What a week it has been for women’s football with the announcement that the government has backed the review I chaired and the endorsement of NewCo to take control of the Super League and Championship. It is a fantastic start but there is plenty of work to be done.
The women’s football review has my name on it, so understandably it means a lot to me. It took a lot of hard work from an incredibly talented team who are eager to make sure the sport progresses and that is something I must thank them for.
I felt great relief when told the government was supporting every one of the recommendations. It was nerve-racking between the review’s publication in the summer and getting it endorsed because it was a huge body of work, involving so many people.
When the report was released, I was a little disillusioned and not sure what was going to happen – needless to say, I had never done a government review before. But there were positive conversations over the past four weeks. I met members of the government, who told me they had accepted it and I said: ‘Wow!’ It was a really short meeting and I jokingly thought maybe I should have asked for more in the review.
It did not hit home until it was released publicly on Monday and I started to get a bit emotional because of all the work the team had put in, all the people who had spoken to us, all the hours, all the data, everyone who had told their stories and what they had been through. I hope it was all worthwhile when they heard it was being backed. We will continue to challenge the sport to be the best it can be.
The hope now is that this review does not sit on the shelf, because other reviews have. My challenge to the team was always to make this as impactful as possible because we owe it to the players who went before, the current players, the kids who are going to come after us, the staff and to the fans.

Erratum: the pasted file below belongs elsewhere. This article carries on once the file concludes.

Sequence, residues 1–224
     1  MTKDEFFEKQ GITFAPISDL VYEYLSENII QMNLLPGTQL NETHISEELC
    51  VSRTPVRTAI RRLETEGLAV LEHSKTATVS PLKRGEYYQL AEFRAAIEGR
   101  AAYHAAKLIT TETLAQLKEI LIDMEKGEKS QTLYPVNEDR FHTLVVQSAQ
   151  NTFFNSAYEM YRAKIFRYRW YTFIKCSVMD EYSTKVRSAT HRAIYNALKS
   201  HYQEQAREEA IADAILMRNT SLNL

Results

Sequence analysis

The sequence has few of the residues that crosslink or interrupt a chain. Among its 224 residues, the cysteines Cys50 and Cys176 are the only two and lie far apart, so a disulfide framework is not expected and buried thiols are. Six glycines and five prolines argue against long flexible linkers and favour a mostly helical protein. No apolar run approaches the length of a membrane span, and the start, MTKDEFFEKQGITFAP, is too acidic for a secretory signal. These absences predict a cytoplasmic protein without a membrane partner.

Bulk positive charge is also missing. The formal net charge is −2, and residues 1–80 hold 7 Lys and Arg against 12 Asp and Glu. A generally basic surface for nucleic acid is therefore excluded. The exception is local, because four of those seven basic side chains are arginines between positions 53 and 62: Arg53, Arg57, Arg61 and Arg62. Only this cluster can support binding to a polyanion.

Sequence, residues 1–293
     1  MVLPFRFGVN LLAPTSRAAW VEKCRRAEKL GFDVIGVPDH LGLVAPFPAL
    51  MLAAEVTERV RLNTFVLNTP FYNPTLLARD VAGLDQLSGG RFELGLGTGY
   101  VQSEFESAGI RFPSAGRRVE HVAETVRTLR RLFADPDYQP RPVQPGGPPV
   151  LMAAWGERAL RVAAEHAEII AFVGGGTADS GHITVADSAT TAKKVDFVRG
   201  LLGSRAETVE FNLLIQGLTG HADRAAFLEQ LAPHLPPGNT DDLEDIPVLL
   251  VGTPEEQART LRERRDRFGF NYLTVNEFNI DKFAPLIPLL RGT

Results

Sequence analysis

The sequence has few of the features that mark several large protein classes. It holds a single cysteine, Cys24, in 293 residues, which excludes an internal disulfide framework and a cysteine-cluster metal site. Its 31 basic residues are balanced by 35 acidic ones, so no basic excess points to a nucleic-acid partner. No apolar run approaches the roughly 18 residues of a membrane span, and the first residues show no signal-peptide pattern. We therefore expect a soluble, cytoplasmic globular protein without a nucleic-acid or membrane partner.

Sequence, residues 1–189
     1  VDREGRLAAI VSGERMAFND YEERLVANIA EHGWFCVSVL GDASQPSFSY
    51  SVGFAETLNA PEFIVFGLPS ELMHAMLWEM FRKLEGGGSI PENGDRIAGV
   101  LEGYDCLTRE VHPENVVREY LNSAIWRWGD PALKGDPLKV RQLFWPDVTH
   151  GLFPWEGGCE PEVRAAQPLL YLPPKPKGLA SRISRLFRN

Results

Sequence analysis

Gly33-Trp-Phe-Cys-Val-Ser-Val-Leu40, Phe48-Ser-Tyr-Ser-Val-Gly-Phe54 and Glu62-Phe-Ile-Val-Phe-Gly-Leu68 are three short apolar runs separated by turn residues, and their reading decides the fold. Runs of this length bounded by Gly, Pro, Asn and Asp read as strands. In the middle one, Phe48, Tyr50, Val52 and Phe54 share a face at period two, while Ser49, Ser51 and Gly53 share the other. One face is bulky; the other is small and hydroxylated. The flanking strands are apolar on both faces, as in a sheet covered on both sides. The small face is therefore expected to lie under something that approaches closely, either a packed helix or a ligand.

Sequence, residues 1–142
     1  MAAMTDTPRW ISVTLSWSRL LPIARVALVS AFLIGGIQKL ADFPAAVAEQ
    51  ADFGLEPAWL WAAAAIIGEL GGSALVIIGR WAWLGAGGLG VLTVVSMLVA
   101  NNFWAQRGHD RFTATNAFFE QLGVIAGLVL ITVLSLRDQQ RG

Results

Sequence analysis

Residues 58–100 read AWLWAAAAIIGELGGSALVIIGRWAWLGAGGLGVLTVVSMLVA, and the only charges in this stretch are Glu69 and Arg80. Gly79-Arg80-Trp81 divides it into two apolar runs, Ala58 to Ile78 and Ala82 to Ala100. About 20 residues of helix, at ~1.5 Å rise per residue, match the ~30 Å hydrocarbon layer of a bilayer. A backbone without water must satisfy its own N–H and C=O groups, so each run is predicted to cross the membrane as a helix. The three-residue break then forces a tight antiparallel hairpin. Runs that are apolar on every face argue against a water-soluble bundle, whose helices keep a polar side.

We spoke to everyone who is best in class. It took a long time to formulate. I started having conversations with the government after the Women’s European Championship in 2022 and it took a long time to collect data and get the oral evidence to help us form our recommendations. We want to make it the best sport we can and be not just a leading light for football but for women’s sport in general. We hope other sports can utilise some of the ideas for a blueprint.
Clubs voting in favour of NewCo is an exciting step and was part of my recommendations. It will run the top two divisions of the women’s game, led by the chief executive, Nikki Doucet, who is an incredible woman and will do a fantastic job. I look forward to seeing how Doucet and her team put their stamp on the organisation to help make the game stronger. Doucet has taken on an extremely tough role and I think it is so important we champion and support her as best we can. I want her to do well and in turn that will mean the sport will do well.
One item that made some headlines was the suggestion the women’s game could end the 3pm blackout on a Saturday. It has been interesting week with the Premier League rights and how many games have been made available to watch. In the review it was suggested we find a specific slot dedicated to women’s football because the men’s game gets a lot of airtime. In order to make that happen, the stakeholders need to come together and have an adult conversation.
We have seen time and again that when we market matches properly, so people know when and where they are, attendances grow. It has been quite difficult in terms of broadcasting to find a unique spot. We need to do it for the fans and get the television side of the industry right. It is a recommendation that can take the sport in a positive direction.
Leading the review has helped my own learning and made me grow as a person. People laughed at me when I said women’s football will be a billion-pound industry and many were quite mean with their opinions on the matter. With the way things have gone over the past month we are in a really good spot to make that ambition a reality. It has taken so many people, and a lot of hard work to get to this point, and it is exciting, but the work continues.
The report has been positively received but we – and the industry – need to keep pushing. Football is a community and everyone wants it to grow. Everyone who read it and understands the difficulties of travelling to training or even having a functioning facility has to keep challenging to make sure the recommendations are actioned, regardless of which political party is in power in the coming years. It needs an army to make change and women’s football has one – we cannot waste this opportunity. Let’s keep going, but let’s do it together as one big team.